Lebanese-American Learns about Israel Firsthand

Carol Jahshan

Dr. Carol Jahshan is a Lebanese-American psychologist and artist, currently residing in Los Angeles. She completed her PhD at the University of California, San Diego in 2010.

This woman, whose father fled Haifa as a child in 1948, identifies as Lebanese.  She spent three months in Israel doing academic work with colleagues at Bar Ilan University and living in Tel Aviv.  She was surprised at the richness of her experience and the complexity of Israeli society, feeling welcomed wherever she went, especially when Israelis learned she was originally from Lebanon. 

At first, one may think of this piece as an exercise in “hasbara,” (public relations or propaganda) but her favorable impression of Israel did not alter her opposition to the occupation of the West Bank.  These are some selections from her article in The Times of Israel, Reflections of a Lebanese woman in Israel”:

My sense of the injustice that Arabs living within the Territories face was never more acute than when I visited my family in Nablus and stayed in the same home where my father had stayed nearly 50 years earlier. This old house, which was once a place of happiness and gathering for my father’s family had now become a neglected, worn structure in a depressed community where the weight of oppression hangs in the air.

But she continued: 

As a woman living in Tel Aviv, I felt safe and respected. I was never stared at or harassed. (I wish I could say the same thing about my experiences in Beirut.) Despite the fact that the right-leaning government tacitly endorses abysmal treatment of Arabs in the Territories, there is a stark contrast in the way other groups like gay people, Ethiopians, and women can thrive in Israel as compared to how they are treated elsewhere in the region. Tel Avivians, I realized by living here, are notably fair-minded, and in many ways not much different from my own friends at home.  . . .

Carol JahshanThe Israeli political spectrum is wide, with zealots on the right and dreamers on the left and everything in between. There is a huge divide among Israelis on the issue of the Occupation of the West Bank and Gaza. I was surprised to realize that there are so many Israelis who strongly oppose the indefinite continuation of the Occupation, and who enjoy good relationships and true friendships with Palestinian and Israeli Arabs. But the government’s position remains strongly in favor of the Occupation, which based on my experience in Lebanon, plays directly into the hands of activists enrolling moderate people into a hateful position regarding Israel and adding to the burden of future generations. Not only do I believe an agreement between the Palestinians in the West Bank and Gaza is an ethical imperative, I also believe that in practical terms ending the Occupation will go a long way to undermining the political attacks on Israel into which otherwise moderate Arabs are drawn. Of course anti-Semitism and Israel hatred will continue. I am not naïve enough to believe that attacks driven by this will stop. But I do think they can be diminished over time, and if there is going to be a successful peace process, however imperfect, it will be hard to start while so many Palestinians remain hopeless for their own future and their children’s future.  . . .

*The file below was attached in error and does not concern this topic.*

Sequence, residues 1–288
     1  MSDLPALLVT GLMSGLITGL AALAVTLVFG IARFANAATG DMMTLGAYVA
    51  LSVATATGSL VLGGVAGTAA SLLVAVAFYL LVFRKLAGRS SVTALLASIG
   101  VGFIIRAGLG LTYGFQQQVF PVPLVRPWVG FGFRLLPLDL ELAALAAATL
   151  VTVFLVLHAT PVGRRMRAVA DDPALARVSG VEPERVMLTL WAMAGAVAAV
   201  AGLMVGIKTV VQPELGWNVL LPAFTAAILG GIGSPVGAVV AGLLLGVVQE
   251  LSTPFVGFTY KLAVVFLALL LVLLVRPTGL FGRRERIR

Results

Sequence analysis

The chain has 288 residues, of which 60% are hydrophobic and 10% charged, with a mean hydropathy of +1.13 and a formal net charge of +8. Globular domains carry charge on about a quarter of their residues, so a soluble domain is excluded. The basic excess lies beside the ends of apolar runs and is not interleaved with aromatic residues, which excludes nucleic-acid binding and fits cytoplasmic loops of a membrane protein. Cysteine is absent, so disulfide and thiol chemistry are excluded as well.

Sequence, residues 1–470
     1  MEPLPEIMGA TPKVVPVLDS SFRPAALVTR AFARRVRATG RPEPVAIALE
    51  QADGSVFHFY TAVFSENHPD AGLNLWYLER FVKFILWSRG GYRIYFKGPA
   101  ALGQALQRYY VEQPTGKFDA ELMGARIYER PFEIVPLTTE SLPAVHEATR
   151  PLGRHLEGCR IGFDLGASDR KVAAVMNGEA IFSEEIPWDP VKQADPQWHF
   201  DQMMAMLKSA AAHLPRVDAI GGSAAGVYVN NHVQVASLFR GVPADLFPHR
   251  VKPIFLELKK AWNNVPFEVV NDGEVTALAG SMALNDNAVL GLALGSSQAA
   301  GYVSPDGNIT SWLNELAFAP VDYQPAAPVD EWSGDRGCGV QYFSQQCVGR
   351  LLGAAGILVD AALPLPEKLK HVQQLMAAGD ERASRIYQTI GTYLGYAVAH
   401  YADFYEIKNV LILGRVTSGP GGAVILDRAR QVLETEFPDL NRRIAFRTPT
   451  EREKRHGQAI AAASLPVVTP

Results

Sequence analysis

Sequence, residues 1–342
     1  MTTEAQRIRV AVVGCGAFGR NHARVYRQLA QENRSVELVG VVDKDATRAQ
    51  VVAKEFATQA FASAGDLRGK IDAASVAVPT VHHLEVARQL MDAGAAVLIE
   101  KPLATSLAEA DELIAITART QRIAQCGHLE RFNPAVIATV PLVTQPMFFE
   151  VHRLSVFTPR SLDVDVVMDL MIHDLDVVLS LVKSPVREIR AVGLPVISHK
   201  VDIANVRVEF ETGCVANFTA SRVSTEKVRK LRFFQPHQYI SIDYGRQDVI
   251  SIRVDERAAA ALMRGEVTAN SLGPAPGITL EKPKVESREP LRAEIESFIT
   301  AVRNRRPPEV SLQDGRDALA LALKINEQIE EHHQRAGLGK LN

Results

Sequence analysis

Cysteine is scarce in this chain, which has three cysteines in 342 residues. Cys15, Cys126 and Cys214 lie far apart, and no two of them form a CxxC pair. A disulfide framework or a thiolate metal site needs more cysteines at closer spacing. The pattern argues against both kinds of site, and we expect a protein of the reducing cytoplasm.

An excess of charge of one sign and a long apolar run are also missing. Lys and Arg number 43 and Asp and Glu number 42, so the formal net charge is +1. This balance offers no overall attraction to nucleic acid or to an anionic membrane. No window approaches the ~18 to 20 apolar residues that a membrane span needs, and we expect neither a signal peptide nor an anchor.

My black and white image of Israel has been shattered. My understanding has increased. I am truly glad I visited. I am proud to have Israeli friends and I am grateful to my colleagues for their generosity and talent. I will never view that the Occupation is good for anybody, not even in the long run, for the settlers insisting on building there. But I see that there is tremendous decency in Israeli society, that there are people who I really, deeply like, with whom I have common interests and ideas. People who want to live peacefully, do their art, their science, their jobs, raise their children and see them happy. People I can genuinely relate to.  . . .

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